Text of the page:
When you stand on the beach on a nice day like this and gaze out into the ocean, you can see maybe ten miles. Right about there on the horizon is where a Seattle company is hoping to float a wind farm.
It would be off the Oregon Coast near Tillamook Bay. The offshore developer hopes mooring the floating windmills that far out will short-circuit opposition.
The turbines would be even bigger than the giant windmills sprouting along the mid-Columbia River. Correspondent Tom Banse reports from the Oregon Coast.
Think back to your last trip to the beach. Do you remember if the wind was blowing? I bet you it was. And that’s what interests energy developer Alla Weinstein.
Alla Weinstein: “The wind resource offshore is a lot stronger and more consistent than it is on shore.”
The challenge is how to harness that wind to make electricity.
Alla Weinstein: “Because the ocean is fairly deep very quickly.”
On our Pacific Coast, certainly. Weinstein founded a company called Principle Power. The start-up is trying to do something never done before — namely build a floating wind farm. Weinstein proposes to marry two existing technologies to do this.
Alla Weinstein: “We actually are not inventing the wheel. We are reusing the wheel. The wheels that we are reusing are the offshore platforms that were developed for the offshore oil industry and also the (wind) turbines that have been developed first for use on land.”
Weinstein and her Oregon project manager have just finished presenting their plans to a community meeting in the postcard pretty town of Manzanita.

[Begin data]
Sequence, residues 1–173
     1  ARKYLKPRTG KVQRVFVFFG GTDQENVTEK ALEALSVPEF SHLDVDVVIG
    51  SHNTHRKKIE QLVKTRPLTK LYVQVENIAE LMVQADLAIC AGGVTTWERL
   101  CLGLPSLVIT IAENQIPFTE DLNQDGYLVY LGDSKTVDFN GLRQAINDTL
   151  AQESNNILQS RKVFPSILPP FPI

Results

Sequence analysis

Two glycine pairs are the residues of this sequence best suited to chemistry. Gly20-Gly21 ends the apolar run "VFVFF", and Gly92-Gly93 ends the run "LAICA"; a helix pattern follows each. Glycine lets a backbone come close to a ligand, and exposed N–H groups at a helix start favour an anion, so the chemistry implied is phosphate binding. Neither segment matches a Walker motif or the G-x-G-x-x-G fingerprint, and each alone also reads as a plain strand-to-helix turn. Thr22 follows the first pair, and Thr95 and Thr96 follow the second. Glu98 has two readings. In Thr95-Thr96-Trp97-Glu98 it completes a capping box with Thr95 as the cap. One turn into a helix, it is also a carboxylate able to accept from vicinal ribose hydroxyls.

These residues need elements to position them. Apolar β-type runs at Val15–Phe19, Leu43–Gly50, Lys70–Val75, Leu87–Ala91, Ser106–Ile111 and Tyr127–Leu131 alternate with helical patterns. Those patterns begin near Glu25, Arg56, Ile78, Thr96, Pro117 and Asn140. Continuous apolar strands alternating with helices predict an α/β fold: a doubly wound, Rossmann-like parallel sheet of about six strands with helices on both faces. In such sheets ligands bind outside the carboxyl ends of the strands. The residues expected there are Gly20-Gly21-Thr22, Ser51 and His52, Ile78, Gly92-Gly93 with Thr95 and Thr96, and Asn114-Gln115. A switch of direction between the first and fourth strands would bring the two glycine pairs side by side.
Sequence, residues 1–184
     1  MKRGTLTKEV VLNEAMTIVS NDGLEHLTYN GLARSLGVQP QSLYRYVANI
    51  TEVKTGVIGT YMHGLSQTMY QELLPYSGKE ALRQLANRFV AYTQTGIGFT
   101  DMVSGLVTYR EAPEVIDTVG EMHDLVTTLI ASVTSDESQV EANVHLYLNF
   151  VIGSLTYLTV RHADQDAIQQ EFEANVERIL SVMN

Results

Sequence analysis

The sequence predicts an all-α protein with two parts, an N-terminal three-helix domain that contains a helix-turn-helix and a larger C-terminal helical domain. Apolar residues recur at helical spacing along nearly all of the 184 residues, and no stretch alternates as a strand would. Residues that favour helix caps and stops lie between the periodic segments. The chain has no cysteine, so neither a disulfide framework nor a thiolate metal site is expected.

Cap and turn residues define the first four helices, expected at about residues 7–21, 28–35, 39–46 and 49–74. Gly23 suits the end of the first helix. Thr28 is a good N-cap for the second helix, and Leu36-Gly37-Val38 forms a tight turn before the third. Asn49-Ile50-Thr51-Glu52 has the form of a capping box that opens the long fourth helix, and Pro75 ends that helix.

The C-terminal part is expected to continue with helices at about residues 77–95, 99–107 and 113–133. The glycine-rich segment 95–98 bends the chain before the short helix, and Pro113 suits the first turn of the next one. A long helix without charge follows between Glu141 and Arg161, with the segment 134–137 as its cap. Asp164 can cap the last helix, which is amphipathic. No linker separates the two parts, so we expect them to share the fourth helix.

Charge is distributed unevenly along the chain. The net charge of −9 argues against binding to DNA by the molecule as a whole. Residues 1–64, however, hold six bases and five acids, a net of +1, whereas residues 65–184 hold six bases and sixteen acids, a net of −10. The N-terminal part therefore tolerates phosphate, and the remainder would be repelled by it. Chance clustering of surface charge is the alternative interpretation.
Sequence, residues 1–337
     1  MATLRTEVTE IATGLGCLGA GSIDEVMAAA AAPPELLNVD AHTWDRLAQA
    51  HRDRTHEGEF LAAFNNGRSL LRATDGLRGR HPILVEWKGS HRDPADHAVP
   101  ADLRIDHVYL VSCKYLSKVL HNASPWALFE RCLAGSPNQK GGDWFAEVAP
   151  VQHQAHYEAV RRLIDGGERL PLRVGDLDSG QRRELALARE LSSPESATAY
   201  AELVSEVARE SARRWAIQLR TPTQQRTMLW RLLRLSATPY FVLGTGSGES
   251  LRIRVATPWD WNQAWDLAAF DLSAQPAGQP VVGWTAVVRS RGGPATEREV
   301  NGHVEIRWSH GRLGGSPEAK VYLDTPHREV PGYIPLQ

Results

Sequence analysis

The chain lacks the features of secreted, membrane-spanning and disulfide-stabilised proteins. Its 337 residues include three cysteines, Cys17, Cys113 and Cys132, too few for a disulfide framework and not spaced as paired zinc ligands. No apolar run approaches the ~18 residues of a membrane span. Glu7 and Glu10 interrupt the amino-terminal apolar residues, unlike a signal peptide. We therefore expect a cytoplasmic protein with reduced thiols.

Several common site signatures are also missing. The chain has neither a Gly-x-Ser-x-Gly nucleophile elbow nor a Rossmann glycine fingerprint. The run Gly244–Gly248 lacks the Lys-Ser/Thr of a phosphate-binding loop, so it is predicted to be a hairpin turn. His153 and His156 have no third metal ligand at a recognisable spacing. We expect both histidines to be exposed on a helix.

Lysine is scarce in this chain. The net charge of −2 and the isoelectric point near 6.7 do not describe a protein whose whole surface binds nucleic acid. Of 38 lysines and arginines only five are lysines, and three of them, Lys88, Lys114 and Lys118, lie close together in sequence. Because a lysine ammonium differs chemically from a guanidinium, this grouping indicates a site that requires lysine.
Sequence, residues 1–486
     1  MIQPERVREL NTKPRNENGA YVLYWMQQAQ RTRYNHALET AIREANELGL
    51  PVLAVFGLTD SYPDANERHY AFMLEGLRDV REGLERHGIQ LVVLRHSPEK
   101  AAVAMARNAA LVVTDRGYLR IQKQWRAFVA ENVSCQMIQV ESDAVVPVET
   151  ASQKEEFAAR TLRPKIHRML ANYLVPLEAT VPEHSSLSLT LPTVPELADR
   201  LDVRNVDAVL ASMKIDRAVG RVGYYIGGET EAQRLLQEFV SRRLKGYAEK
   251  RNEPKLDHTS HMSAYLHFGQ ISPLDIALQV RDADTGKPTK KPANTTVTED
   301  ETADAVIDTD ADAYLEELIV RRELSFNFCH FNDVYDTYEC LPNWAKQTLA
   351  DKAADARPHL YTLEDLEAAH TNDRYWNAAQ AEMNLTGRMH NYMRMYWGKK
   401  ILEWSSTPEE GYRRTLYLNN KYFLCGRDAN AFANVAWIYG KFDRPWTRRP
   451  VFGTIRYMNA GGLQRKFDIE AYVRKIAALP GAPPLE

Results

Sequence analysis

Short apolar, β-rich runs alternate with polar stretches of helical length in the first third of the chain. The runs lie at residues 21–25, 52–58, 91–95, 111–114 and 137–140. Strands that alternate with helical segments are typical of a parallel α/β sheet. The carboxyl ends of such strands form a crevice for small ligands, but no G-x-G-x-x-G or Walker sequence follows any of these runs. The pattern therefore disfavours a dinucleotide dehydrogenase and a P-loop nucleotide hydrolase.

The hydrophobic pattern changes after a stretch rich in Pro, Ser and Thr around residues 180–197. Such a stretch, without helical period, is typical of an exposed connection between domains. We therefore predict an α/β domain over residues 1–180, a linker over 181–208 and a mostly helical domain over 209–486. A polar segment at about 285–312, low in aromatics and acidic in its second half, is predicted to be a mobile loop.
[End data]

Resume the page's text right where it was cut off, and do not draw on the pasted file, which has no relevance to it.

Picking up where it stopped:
The company picked Tillamook County because high-voltage transmission lines come closest to the coast here. The plans eventually call for 30 wind turbines, each on its own floating platform anchored to the sea bottom. The turbines are bound to generate local jobs, too.
Manzanita architect Tom Bender listened to the presentation and then came out against what he calls “industrialization of the ocean.”
Tom Bender: “The red lights on these things… These 400-500 foot tall towers obviously have flashing red lights. You get that on a foggy evening, the entire sky is pulsing red lights.”
Danish naval officer Frants Poulsen retired to Manzanita. He comes to an opposite conclusion.
Frants Poulsen: “A windmill is a beautiful machine. They have been with humans for 10,000 years and it contributes to preserving our planet.”
Fishermen are another constituency to assuage. Charter boat captain Jon Brown foresees less disruption from the offshore wind farm than proposed wave energy parks nearer to shore.
Jon Brown: “I much rather have wind energy 10 miles offshore than wave energy right by the beach. Yeah, no question about that.”
Still in question is whether the price of the electricity from an offshore wind farm will be affordable. A different company from Seattle prepared an estimate in connection with a combination wave and wind energy platform it proposed near Westport, Washington.
Burt Hamner is president of Grays Harbor Ocean Energy Company.
Burt Hamner: “It is expensive and there’s no way around that. It’ll cost twice as much per megawatt – or twice as much per unit of energy — to produce the power offshore as it will onshore. The reality though is that in many places there’s nowhere else to get that much energy onshore.”
The Principle Power folks insist their electricity will be priced “competitively with other sources of new renewable energy.” The Seattle company recently signed a contract with the biggest electric company in Portugal.
The pair plan to moor the world’s first floating wind farm in the east Atlantic, not here, with development off our coast to follow second.
Sales pitches to utilities for the Oregon offshore power start later this year or next.
U.S. Dept. of Interior – Offshore renewable energy potential (PowerPoint delivered by Secretary Ken Salazar on 4/6/09)
BY TOM BANSE, OPB News – http://news.opb.org/article/4813-offshore-wind-energy-blows-nw-coast/